Release Date: May 13, 2003
Reviewed by Sonya Sutherland

Did anyone really think Marilyn Manson would just go away and let Eminem take over as the America’s captain controversy? Not a chance. Guess who also is back? That’s right, everyone’s favourite Antichrist Superstar. And to top matters off, not only has the Arch Dandy Marilyn returned in full force, he brought a ladies chorus line to make sure you get the message loud and clear: Be Obscene BE BE Obscene. The Golden Age of Grotesque, the fourth release from Marilyn Manson, is not just an album but an artistic movement, or at least according to front man Manson. The band known for its concept albums has just shelled out the new shit and boy does it rock. This time its Manson gone ghetto fabulous- fat bass lines, quick rhyming lyrics and a mouth full of metal- with a dash of roaring twenties for good measure. Sure he’s lauded for his clever lyrics – “You are the church, and I am the steeple/When we fuck, we are all God’s people” (slutgarden) – “I said no, this isn’t your song/We can’t all get along/ It’s too hard to hold hands when your hands are fists” (Use Your Fist and Not Your Mouth) – “I got an F and a C, and I got a K too/And the only thing that’s missing is a bitch like U” ((S)aint) – but would you expect anything less from the man who took on Christianity with Antichrist Superstar?

The Golden Age of Grotesque, clever lyrics aside, is a musical masterpiece. Longtime bassist Twiggy Ramirez parted ways with the band, and subsequently Tim Skold (KMFDM, Shotgun Messiah) jumped on board. Skold’s industrial influence is quite apparent and gives this album its rock edge while maintain the more hip-hop-esque basslines and industrial drum beats. Throw in a bit of swing for Dolly-Dagga Buzz-Buzz Ziggety-Zagg, falsettos in the Golden Age of Grotesque, crunchy guitars for This is the New Shit and Vodevil, and you have a potpourri that fits somewhere along the lines of Moulin Rouge on Acid. What’s more, Manson even takes time out of his day to fit in a love song: “You drained my heart, and made a spade/There’s still traces of me in your veins” (spade).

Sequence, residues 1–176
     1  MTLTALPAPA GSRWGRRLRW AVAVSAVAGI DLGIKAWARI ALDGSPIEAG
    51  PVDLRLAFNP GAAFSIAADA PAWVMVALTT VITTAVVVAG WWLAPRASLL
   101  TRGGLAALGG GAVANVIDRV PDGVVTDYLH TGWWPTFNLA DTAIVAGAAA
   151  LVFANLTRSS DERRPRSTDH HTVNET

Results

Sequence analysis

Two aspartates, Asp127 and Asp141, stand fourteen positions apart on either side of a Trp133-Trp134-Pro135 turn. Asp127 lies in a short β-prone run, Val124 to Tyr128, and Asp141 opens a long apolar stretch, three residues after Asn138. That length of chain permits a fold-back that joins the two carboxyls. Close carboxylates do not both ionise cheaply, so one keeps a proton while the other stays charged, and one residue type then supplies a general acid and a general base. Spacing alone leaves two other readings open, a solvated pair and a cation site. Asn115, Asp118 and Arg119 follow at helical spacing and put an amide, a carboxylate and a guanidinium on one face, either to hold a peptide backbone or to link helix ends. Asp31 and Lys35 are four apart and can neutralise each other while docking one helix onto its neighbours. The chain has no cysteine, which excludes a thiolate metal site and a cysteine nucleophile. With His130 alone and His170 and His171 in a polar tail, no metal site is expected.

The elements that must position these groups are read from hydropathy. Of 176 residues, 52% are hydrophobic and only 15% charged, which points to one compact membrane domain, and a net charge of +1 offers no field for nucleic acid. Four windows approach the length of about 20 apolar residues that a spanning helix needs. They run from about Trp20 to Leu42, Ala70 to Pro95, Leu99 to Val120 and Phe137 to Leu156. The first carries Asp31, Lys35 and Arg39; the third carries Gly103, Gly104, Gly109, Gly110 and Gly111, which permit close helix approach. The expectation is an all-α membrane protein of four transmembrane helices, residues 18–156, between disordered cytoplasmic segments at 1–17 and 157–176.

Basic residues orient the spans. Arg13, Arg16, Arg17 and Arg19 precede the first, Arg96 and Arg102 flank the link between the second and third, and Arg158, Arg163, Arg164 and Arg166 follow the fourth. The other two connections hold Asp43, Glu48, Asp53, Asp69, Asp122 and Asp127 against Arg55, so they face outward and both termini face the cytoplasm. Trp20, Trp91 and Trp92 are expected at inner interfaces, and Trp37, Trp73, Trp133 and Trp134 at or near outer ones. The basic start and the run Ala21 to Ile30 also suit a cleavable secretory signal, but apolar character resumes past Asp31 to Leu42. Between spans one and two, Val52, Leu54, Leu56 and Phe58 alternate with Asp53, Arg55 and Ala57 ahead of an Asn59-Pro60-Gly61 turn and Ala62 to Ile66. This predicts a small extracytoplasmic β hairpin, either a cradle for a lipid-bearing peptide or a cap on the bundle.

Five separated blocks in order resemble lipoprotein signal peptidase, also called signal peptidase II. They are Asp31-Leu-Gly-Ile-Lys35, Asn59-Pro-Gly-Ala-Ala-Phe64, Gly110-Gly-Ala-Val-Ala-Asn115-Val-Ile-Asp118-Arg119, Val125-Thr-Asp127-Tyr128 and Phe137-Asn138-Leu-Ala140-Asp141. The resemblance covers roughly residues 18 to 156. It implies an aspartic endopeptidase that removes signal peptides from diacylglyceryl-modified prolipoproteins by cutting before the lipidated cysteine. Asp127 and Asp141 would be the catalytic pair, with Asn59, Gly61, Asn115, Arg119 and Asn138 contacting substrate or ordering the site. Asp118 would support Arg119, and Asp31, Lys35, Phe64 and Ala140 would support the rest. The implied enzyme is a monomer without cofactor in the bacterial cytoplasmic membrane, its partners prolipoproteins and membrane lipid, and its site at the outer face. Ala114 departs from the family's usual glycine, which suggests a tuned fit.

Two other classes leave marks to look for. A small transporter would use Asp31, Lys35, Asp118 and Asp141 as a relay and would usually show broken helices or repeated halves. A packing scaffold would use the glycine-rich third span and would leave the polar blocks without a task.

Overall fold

Overall, this is another magnum opus dished out by Marilyn Manson and company. The soundscape is creative, varied and at the very least makes you want to shake your ass. Manson serves as the perfect ring master for this tuneful big top, laying his distinct voice over the circus rhythms provided by fellow cronies Skold, Pogo, and Ginger Fish. The choice is obvious. Go ahead and buy Golden Age of Grotesque already, even if it is only to hear Marilyn drawl Kaboom Kaboom, this album is worth ever penny.

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